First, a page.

Going vegan: you can eat and live without killing animals

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Going vegan: you can eat and live without killing animals

Abu Dhabi - Veganism kept more on the positive side of health and wellbeing, than the negative

By Jasmine Al Kuttab

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Published: Sun 4 Sep 2016, 9:48 PM

The word 'vegan' was coined in 1944 by Donald Watson, but the concept can be traced all the way back to the 6th century BCE when a number of Greek philosophers vowed to not consume meat.
Today, the diet still firmly refrains from ingesting any foods that come from animal sources, including red meat, white meat, seafood, dairy products and even honey.
Although many vegans often choose this lifestyle for ethical reasons with an associated philosophy that strongly rejects the commodity status of animals, many are also turning to the diet in hopes of achieving quick weight loss.
The popular diet however, does come with a positive reputation, as it is still ensures adequate intake of vitamin C and E, dietary fibre, folic acid, magnesium and iron, despite consuming no animal product.
Moreover, the diet has a lower intake of saturated fats and cholesterol, which are heavily found in red meat. Thus, a vegan diet can help reduce the risk of chronic illnesses, including cardiovascular disease and colon cancer.
But health experts also suggest that although fruits and vegetables are perhaps the most beneficial out of the food pyramid, meat is still required for a healthy lifestyle.
"The vegan diet's popularity is increasing in the region. It has a lot of health benefits, but these are more for the heart and less for the body," explained Archana Baju, clinical dietician at Burjeel Hospital. "Vitamin B12, which is only found in animal sources such as meat, eggs and milk, is crucial as it plays a major role in the body's functioning," Baju said.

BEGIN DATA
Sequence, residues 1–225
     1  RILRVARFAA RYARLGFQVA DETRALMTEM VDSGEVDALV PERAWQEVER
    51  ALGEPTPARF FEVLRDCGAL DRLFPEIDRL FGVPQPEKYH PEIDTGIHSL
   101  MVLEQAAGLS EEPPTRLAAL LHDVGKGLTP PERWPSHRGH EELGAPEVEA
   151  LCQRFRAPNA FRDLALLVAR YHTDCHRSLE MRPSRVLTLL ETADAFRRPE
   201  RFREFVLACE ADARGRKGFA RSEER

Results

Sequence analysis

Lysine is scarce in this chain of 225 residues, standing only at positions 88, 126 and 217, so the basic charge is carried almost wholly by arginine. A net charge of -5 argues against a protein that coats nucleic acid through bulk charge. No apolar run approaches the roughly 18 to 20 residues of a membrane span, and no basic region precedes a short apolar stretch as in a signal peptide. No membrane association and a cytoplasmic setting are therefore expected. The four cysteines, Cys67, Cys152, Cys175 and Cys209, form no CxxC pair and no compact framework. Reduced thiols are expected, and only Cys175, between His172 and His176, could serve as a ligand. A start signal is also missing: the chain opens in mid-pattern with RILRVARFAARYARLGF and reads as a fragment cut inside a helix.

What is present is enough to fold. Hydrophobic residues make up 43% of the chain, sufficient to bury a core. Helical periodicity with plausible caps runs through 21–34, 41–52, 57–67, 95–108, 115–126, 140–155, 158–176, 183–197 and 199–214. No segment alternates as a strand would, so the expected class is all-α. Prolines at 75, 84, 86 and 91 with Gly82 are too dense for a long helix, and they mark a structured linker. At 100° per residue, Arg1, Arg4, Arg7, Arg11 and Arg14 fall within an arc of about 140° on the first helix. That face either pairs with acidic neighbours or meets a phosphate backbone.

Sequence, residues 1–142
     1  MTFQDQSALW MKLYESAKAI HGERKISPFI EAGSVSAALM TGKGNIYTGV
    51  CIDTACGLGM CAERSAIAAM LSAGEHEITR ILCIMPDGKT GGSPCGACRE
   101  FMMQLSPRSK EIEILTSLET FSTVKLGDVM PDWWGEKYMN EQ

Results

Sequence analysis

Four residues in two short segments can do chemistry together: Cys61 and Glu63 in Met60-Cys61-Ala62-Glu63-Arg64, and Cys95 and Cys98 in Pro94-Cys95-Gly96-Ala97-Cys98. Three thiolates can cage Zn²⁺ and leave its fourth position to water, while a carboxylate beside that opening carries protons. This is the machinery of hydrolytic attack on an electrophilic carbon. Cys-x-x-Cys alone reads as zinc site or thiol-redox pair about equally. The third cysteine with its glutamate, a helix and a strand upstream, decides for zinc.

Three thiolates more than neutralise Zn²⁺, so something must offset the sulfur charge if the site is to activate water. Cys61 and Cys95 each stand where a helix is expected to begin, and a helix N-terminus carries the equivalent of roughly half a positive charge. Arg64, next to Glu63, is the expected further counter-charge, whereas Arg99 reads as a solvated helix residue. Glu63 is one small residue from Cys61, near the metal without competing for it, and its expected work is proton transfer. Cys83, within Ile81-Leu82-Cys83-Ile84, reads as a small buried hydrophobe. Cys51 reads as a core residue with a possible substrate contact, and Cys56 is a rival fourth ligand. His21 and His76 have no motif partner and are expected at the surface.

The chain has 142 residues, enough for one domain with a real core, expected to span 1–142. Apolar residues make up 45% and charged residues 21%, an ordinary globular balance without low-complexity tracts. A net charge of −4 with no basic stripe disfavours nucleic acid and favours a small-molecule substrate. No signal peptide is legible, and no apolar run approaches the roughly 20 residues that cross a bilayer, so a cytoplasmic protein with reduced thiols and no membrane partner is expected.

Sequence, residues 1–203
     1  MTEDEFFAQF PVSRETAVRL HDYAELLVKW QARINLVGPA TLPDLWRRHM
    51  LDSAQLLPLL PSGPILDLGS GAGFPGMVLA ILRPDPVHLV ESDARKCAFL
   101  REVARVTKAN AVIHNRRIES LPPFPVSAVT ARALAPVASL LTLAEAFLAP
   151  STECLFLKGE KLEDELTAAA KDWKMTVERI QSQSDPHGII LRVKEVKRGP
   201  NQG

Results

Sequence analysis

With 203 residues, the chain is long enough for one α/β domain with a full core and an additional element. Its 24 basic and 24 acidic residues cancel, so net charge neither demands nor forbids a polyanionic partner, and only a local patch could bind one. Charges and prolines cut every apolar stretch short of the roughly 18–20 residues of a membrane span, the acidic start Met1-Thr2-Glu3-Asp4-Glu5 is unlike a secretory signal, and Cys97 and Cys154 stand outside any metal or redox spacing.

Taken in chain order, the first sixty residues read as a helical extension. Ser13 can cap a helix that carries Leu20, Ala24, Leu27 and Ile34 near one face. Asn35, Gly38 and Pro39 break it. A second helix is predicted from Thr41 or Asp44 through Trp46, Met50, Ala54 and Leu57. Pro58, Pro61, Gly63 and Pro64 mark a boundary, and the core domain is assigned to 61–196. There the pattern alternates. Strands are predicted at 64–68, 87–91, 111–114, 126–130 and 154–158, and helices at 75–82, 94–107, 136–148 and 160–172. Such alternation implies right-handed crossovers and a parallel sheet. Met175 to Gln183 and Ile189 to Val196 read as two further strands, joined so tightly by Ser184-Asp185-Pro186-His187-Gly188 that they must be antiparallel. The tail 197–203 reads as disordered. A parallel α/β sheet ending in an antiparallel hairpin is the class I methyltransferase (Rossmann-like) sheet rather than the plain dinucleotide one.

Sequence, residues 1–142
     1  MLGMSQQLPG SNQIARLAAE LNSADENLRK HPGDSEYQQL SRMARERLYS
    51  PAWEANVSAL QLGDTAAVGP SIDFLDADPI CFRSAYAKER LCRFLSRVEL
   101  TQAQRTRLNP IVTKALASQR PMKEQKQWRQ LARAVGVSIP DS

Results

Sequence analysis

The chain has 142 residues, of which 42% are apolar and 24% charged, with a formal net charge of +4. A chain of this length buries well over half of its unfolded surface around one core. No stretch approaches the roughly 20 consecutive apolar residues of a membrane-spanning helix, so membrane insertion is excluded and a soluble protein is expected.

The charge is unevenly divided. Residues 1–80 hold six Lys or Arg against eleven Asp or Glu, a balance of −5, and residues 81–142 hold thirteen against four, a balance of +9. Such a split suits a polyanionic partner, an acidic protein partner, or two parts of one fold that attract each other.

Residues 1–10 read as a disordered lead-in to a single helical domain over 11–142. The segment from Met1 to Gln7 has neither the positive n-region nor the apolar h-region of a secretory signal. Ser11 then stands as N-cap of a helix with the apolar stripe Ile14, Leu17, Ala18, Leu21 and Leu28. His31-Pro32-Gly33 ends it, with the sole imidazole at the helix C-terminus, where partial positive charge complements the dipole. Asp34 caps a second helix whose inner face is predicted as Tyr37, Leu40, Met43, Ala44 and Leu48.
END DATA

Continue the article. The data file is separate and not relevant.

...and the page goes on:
"Without vitamin B12, one will feel chronic headaches, weakness and fatigued."
So those wishing to keep the vegan diet must take supplements to make up for any loss in vitamins that they would otherwise get from animal based sources.
Protein and iron can however be found in vegan-approved foods such as tofu, soy and beans, and green leafy vegetables which are also iron-packed. However, you should also consume vitamin C after every meal in order to help with iron absorption.
The Vegan counterview
Carine Tanios, senior dietitian at Nutri Nutrition Centre, Abu Dhabi, however illustrated that veganism is not a complete diet, as it misses a number of vital nutrients. "A lot of vitamins and minerals are missed out in the vegan diet, so you must be on multi-vitamin and multi-mineral supplements everyday," Tanios said.
"Vitamin B12 is crucial, as it helps with the red blood cells, and it's is not present in any vegan source. In a vegan diet, the food must be varied; iron and protein should be taken with other sources such as vitamin C. One must also not consume calcium because it decreases nutrient absorption."
However, Tanios did point out that veganism kept more on the positive side of health and wellbeing, than the negative.
Many studies reveal that red meat is linked to colon cancer, as well as high cholesterol levels and heart disease. Furthermore, as chicken is often filled with cortisone and hormones, it can be devastating on the human body.
"I would say that it's good to go on a vegan detox for a few days, but not for the long term. Protein from non-animal sources will not be used as well by the body as protein from animal ones. And the body cannot produce the essential protein it requires," Tanios added.

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